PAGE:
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Automated high-throughput mapping of promoter-enhancer interactions in zebrafish embryos

Nature Methods volume 6, pages 911916 (2009) | Download Citation

Abstract

Zebrafish embryos offer a unique combination of high-throughput capabilities and the complexity of the vertebrate animal for a variety of phenotypic screening applications. However, there is a need for automation of imaging technologies to exploit the potential of the transparent embryo. Here we report a high-throughput pipeline for registering domain-specific reporter expression in zebrafish embryos with the aim of mapping the interactions between cis-regulatory modules and core promoters. Automated microscopy coupled with custom-built embryo detection and segmentation software allowed the spatial registration of reporter activity for 202 enhancer-promoter combinations, based on images of thousands of embryos. The diversity of promoter-enhancer interaction specificities underscores the importance of the core promoter sequence in cis-regulatory interactions and provides a promoter resource for transgenic reporter studies. The technology described here is also suitable for the spatial analysis of fluorescence readouts in genetic, pharmaceutical or toxicological screens.

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Acknowledgements

We thank N. Borel for fish care, K. Straatman, N. Groebner and P. Kobor for technical support, T. Becker (Brain and Mind Research Institute, University of Sydney) for the dre-mir9-1 enhancer and R. Sanges and E. Stupka for unpublished promoter analysis. This work was supported by FP6 projects EUTRACC and TRANSCODE, by the European Commission and the Deutsche Forschungsgemeinschaft to F.M. and programme grant by the Helmholtz Association of German Research Centres (HGF) to U.L. We thank the technical support team of Olympus Germany and Olympus UK, U. Strähle for general support and N. Foulkes and A. Cullinane for advice and critical reading of the manuscript.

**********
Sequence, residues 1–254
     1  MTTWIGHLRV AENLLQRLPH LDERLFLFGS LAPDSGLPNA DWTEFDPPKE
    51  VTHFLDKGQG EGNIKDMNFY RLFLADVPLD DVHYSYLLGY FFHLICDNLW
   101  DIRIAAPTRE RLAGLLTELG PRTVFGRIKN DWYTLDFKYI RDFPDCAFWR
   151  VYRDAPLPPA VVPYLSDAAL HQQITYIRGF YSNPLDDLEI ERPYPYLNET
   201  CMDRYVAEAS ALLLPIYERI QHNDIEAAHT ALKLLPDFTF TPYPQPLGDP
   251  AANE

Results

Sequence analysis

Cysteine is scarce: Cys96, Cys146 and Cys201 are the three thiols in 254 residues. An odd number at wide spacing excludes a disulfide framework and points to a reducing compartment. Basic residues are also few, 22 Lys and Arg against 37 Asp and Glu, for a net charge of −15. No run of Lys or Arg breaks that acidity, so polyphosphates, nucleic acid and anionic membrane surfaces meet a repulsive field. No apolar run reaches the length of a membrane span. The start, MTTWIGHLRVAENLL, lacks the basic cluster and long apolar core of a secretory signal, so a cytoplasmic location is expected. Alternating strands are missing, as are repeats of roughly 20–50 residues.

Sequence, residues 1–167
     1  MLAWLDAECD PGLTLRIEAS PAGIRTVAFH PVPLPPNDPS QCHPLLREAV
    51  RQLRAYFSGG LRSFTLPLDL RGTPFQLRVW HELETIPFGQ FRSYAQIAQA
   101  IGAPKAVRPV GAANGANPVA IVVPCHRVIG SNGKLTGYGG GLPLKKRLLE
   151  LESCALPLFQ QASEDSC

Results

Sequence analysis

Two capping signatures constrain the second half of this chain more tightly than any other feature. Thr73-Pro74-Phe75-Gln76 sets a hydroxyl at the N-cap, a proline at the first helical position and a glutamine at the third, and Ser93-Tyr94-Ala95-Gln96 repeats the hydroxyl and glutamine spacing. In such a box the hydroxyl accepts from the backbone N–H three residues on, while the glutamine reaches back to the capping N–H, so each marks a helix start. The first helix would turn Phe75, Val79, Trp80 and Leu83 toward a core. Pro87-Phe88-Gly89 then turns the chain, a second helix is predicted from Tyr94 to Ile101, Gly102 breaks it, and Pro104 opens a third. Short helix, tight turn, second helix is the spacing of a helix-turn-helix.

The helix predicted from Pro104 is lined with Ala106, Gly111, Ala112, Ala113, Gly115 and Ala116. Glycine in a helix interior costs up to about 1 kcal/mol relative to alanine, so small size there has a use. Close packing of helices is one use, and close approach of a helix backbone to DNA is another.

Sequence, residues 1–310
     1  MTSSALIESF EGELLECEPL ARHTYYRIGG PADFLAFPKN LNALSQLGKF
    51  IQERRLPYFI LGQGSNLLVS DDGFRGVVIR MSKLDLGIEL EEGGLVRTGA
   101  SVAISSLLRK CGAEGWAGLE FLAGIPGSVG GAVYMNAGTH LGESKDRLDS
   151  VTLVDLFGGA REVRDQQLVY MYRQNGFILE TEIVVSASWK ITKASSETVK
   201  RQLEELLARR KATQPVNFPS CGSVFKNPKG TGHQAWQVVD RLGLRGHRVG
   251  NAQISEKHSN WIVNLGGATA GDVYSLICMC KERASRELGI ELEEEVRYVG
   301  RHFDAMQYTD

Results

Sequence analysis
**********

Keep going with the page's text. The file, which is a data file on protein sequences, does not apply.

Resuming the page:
Author information

Author notes

    • Chengyi Song

    Present address: College of Animal Science and Technology, Yangzhou University, Jiangsu, China.

    • Jochen Gehrig
    • , Markus Reischl
    •  & Éva Kalmár

    These authors contributed equally to this work.

Affiliations

  1. Institute of Toxicology and Genetics, Forschungszentrum Karlsruhe, Eggenstein-Leopoldshafen, Germany.

    • Jochen Gehrig
    • , Éva Kalmár
    • , Marco Ferg
    • , Yavor Hadzhiev
    • , Andreas Zaucker
    • , Chengyi Song
    • , Simone Schindler
    • , Urban Liebel
    •  & Ferenc Müller
  2. Department of Medical and Molecular Genetics, School of Clinical and Experimental Medicine, College of Medical and Dental Sciences, University of Birmingham, Birmingham, UK.

    • Jochen Gehrig
    • , Yavor Hadzhiev
    • , Andreas Zaucker
    •  & Ferenc Müller
  3. Institute of Applied Computer Science, Forschungszentrum Karlsruhe, Eggenstein Leopoldshafen, Germany.

    • Markus Reischl

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Contributions

E.K. created the constructs, E.K., J.G. led the screening and imaging of embryos, M.R. designed and created automation software and automated image processing, F.M. and U.L. supervised the screen, M.F., Y.H., A.Z., C.S. and S.S. participated in the embryo screen. J.G., M.R., E.K. and F.M. analyzed data, U.L. designed and constructed the screening platform, F.M., E.K., J.G., M.R. and U.L. designed the study and J.G., M.R., E.K. and F.M. wrote the manuscript.

Corresponding authors

Correspondence to Urban Liebel or Ferenc Müller.

Supplementary information

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    Supplementary Text and Figures

    Supplementary Figures 1–4, Supplementary Tables 1–3, 5–7, Supplementary Note

Excel files

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    Supplementary Table 4

    Number of embryos and domain specific Venus signal intensity data of enhancer-promoter combinations assayed in this study

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    Supplementary Software

    Zebrafish 2D reporter gene expression profiler

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DOI

https://doi.org/10.1038/nmeth.1396

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